• Just did that. But I'd done it already, and Google claims my web history is "paused". Which probably means they will "unpause" it silently at some future time.

      you lucky bastard!

      mine is stuck, blinking at twelve. HELP!

    • Re: (Score:2, Interesting)

      by Anonymous Coward

      This is why you have at least two browsers installed. One is your hardcore locked down browser for when you have to do stuff involving personal information (only have one window open at a time, no cache, and delete cookies on exit, and some form of script blocking installed, preferably also blocking 3rd party frames/images.) Then you have another one with everything except the script blocking in place, used for non-identifiable web browsing (obviously still identifiable, but only for linking browsing habits

    • From Google's privacy FAQ [google.com] page, they conveniently dodge the question of what pausing does.

      What happens when I pause the service, remove items, or delete the Web History service?

      You can choose to stop storing your web activity in Web History either temporarily or permanently, or remove items, as described in Web History Help. If you remove items, they will be removed from the service and will not be used to improve your search experience. As is common practice in the industry, Google also maintains a separate logs system for auditing purposes and to help us improve the quality of our services for users. For example, we use this information to audit our ads systems, understand which features are most popular to users, improve the quality of our search results, and help us combat vulnerabilities such as denial of service attacks.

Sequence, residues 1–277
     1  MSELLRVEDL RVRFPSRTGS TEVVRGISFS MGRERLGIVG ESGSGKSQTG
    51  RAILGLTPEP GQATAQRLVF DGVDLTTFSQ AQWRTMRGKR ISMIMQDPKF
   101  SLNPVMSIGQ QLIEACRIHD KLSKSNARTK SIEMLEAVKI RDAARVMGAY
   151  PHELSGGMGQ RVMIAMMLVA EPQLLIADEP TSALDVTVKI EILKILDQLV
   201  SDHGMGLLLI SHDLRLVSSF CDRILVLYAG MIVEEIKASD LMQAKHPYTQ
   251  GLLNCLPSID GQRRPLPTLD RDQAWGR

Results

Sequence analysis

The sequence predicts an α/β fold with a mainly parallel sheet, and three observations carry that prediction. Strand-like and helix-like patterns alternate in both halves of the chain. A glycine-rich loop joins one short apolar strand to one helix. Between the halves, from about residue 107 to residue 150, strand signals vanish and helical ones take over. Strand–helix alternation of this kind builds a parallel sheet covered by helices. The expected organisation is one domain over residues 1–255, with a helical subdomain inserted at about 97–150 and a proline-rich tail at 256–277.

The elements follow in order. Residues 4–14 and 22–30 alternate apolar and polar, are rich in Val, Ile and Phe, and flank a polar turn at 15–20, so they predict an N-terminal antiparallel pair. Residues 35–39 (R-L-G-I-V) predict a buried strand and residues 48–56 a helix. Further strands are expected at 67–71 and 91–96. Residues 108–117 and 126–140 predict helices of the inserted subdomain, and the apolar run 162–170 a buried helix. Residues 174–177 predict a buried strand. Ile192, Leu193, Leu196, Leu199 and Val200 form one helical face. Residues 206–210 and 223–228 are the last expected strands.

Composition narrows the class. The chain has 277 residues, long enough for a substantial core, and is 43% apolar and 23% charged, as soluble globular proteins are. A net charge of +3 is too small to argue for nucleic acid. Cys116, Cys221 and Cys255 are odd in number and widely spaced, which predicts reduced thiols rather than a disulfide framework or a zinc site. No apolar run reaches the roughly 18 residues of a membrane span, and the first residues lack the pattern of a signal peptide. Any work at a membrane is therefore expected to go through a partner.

• by swillden (191260)